When the sickly season came on and the men began to leave, I again took up the line of march for Texas, this time on board a coasting schooner owned by parties in New Orleans, chartered by Carlysle & Smith and laden with supplies for the Mexican army. A steam tug towed us out to the mouth of the Mississippi as far as steamers ventured. The weather was lovely as a dream of Venice, and we rounded the Balize and sped away on the wings of the trade winds over the placid waters. We passed Galveston island in plain view. There was no sign of human habitation on it; nothing to give promise of the thriving city which now covers it. It was only noted then as having been the rendezvous of Lafitte and his pirates, and as such was pointed out to me. The trip was a delightful one and I was in fine spirits, when on the third day we threaded the Paso Caballo and ran into Matagorda bay, having made the run in a little over forty-eight hours, a remarkable record in those days. We cast anchor in the mouth of the Lavaca river, where we had calculated to find the Mexican troops, but the movements of the troops, as well as the government, were very uncertain, and there were no troops, no agent, no one authorized to receive the goods. There was not an American there. The colonization law exempted from settlement all land within twenty-five miles of the coast, so the territory was given over to the Karankawa Indians, a fierce tribe, whose hand was against every man. They lived mostly on fish and alligators, with a man for fete days when they could catch one. They were the most savage looking human beings I ever saw. Many of the bucks were six feet in height, with bows and arrows in proportion. Their ugly faces were rendered hideous by the alligator grease and dirt with which they were besmeared from head to foot as a defense against mosquitoes. They rowed outside to our vessel in their canoes, but Carlysle warned them to leave their arms on shore, enforcing the argument by the presence of a wicked looking little cannon, which was conspicuously pointed in their direction. The mate and I had made special preparations for their reception, having molded several pints of bullets with which to load the cannon, and we were eager for a chance to turn it loose among them, but they gave us no provocation. It was a dreary place for a lone stranger to land. A few Mexicans came around, but they spoke no English and I understood no Spanish. At length two men, Fulcher and McHenry, who had squatted on land six or eight miles up the river, sighted the schooner and came down in a dugout. They took me in with them and I spent my first night in Texas in their cabin. My first meal on Texas soil was dried venison sopped in honey. After having spent some months in New Orleans, where everything of the known world was obtainable, it looked like rank starvation to me, but I was adaptive. The sea voyage had sharpened my appetite and I was possessed of a strong set of grinders, so I set to and made a meal, but I was not anxious to trespass on their hospitality, so next morning I set out on foot for Dewitt's colony, ten miles further up the Lavaca. Even at that early date there was a controversy between the government and colonists with regard to the meaning of the line of reserve, the government contending that it was ten leagues from the indentation of the gulf and bays and the colonists that it was ten leagues from the outer line of the chain of islands that extend around the coast, precisely the claim that England is now setting up in Alaska. The Texans made their own claim stick; it remains to be seen how John Bull will come out. Fulcher accompanied me up to the station. The beautiful rose color that tinged my visions of Texas while viewing it through Robertson's long-distance lens paled with each succeeding step. There were herds of fine, fat deer, and antelope enough to set one wild who had never killed anything bigger than a raccoon, but, to my astonishment and disgust, I could not kill one, though I was accounted a crack marksman; but I found it was one thing to shoot at a mark, the exact distance of which I knew, and another to hit game at an uncertain distance.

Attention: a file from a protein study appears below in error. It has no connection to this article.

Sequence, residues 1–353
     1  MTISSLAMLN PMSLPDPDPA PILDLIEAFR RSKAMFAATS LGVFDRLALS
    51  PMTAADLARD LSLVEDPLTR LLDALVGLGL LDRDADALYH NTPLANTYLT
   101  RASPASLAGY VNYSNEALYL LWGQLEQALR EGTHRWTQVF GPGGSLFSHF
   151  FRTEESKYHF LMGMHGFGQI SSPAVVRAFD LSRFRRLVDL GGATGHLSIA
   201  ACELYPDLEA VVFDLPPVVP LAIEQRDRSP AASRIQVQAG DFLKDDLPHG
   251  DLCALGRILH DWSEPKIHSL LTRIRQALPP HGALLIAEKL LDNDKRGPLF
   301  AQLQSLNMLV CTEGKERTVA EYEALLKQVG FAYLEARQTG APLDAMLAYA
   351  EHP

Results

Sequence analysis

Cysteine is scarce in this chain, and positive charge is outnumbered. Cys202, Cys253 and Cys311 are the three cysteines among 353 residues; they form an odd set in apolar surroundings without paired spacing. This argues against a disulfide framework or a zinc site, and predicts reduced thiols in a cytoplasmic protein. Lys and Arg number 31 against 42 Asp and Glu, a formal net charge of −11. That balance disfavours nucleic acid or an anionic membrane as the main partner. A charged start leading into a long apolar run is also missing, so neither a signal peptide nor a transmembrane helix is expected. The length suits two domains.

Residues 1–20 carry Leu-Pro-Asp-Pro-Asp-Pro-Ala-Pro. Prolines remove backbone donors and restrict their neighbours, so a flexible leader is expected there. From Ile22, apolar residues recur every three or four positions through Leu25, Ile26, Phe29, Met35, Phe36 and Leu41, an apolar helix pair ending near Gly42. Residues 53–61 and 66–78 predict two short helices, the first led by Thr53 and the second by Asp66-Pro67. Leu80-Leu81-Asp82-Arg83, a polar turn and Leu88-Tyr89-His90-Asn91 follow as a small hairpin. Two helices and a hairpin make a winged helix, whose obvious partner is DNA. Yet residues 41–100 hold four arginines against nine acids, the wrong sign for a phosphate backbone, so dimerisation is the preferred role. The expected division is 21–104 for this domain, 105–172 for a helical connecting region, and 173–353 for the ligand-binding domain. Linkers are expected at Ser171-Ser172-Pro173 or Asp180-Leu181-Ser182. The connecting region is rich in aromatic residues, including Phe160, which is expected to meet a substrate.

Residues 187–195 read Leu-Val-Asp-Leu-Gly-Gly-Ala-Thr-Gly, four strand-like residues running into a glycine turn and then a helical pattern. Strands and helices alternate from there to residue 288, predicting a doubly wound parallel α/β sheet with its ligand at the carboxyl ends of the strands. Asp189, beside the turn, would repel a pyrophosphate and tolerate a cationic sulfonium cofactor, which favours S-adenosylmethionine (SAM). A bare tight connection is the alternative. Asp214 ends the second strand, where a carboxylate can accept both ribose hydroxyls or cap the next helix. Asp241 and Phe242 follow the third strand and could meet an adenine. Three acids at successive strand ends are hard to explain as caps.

The colonists, consisting of a dozen families, were living—if such existence could be called living—huddled together for security against the Karankawas, who, though not openly hostile, were not friendly. The rude log cabins, windowless and floorless, have been so often described as the abode of the pioneer as to require no repetition here; suffice it to say that save as a partial protection against rain and sun they were absolutely devoid of comfort. Dewitt had at first established his headquarters at Gonzales, and the colonists had located their land in that vicinity, but the Indians stole their horses and otherwise annoyed them so much, notwithstanding the soldiers, that they abandoned the colony and moved down on the Lavaca, where they were just simply staying. The station being in the limits of the reserve, they made no pretense of improving it, not even to the extent of planting corn, one of the first things usually attended to, for the Texan Indians, unlike their eastern brethren, scorned to till the soil, and the few Mexicans scattered through the country did so only to the extent of supplying their own wants; so when the colonists used up the breadstuff they brought with them they had to do without until they raised it. This, however, was no very difficult matter near the coast, where there were vast canebrakes all along the rivers. The soil was rich and loose from the successive crops of cane that had decayed on it. In the fall, when the cane died down, it was burned off clean. The ground was then ready for planting, which was done in a very primitive manner, a sharpened stick being all the implement necessary. With this they made holes in the moist loam and dropped in grains of corn. When the young cane began to grow they went over it with a stick, simply knocking it down; the crop was then laid by. Game was plenty the year round, so there was no need of starving. Men talked hopefully of the future; children reveled in the novelty of the present; but the women—ah, there was where the situation bore heaviest. As one old lady remarked, Texas was "a heaven for men and dogs, but a hell for women and oxen." They—the women—talked sadly of the old homes and friends left behind, so very far behind it seemed then, of the hardships and bitter privations they were undergoing and the dangers that surrounded them. They had not even the solace of constant employment. The spinning wheel and loom had been left behind. There was, as yet, no use for them—there was nothing to spin. There was no house to keep in order; the meager fare was so simple as to require little time for its preparation. There was no poultry, no dairy, no garden, no books, or papers as nowadays—and, if there had been, many of them could not read—no schools, no churches—nothing to break the dull monotony of their lives, save an occasional wrangle among the children and dogs. The men at least had the excitement of killing game and cutting bee trees. It was July, and the heat was intense. The only water obtainable was that of the sluggish river, which crept along between low banks thickly set with tall trees, from the branches of which depended long streamers of Spanish moss swarming with mosquitoes and pregnant of malaria. Alligators, gaunt and grim—certainly the most hideous creatures God ever made—lay in wait among the moss and drift for any unwary creature that might come down to drink. Dogs, of which every well regulated family had several, were their special weakness, and many a thirsty canine drank and never thirsted more. This was not perhaps from any partiality for dog meat; on the contrary, when the alligator went foraging under cover of night he evinced a decided preference for human flesh, particularly negroes, and many blood-curdling stories were told of alligators stealing into sleeping camps and seizing an inmate. One story, in particular, I remember as being told by an eye-witness. A company of emigrants were camped at the mouth of the Brazos waiting for teams to take them up to Austin's colony. One night they were aroused by piercing screams, and rushing to the place from whence they proceeded found a huge alligator making for the river, dragging a 24-year-old negro girl by the arm. He had crawled into a tent, where a number of persons were sleeping, and, whether from accident or choice I cannot say, seized the darky and struck a bee-line for the river, which he would have reached on time with his prey but for his inveterate foes, the aforesaid dogs, who rushed upon him and, though finding no vulnerable point of attack, swarmed around, harassing and delaying his retreat till the men pulled themselves together and came to the rescue, when, seeing the odds decidedly against him, his alligatorship relinquished his prize and sought his own safety in the river. Their bellow was just such a hideous sound as might be expected to issue from the throat of such a hideous creature, and was of itself enough to chase away sleep, unassisted by the tuneful mosquito, whose song, like the opera singer's, has a business ring in it. I had heard the bellowing nightly while in New Orleans, but heard amid the noise and lights of the city there lurked in it no suspicion of the horror it could produce when heard amid the gloom and solitude of the wilderness. Wolves and owls added their voices to the dismal serenade. I had heard them all my life, but I had yet to learn the terrible significance that might attach to the familiar howl and hoot. The whippoorwill's silvery notes filled in the interludes, but they seemed strangely out of tune amid such surroundings.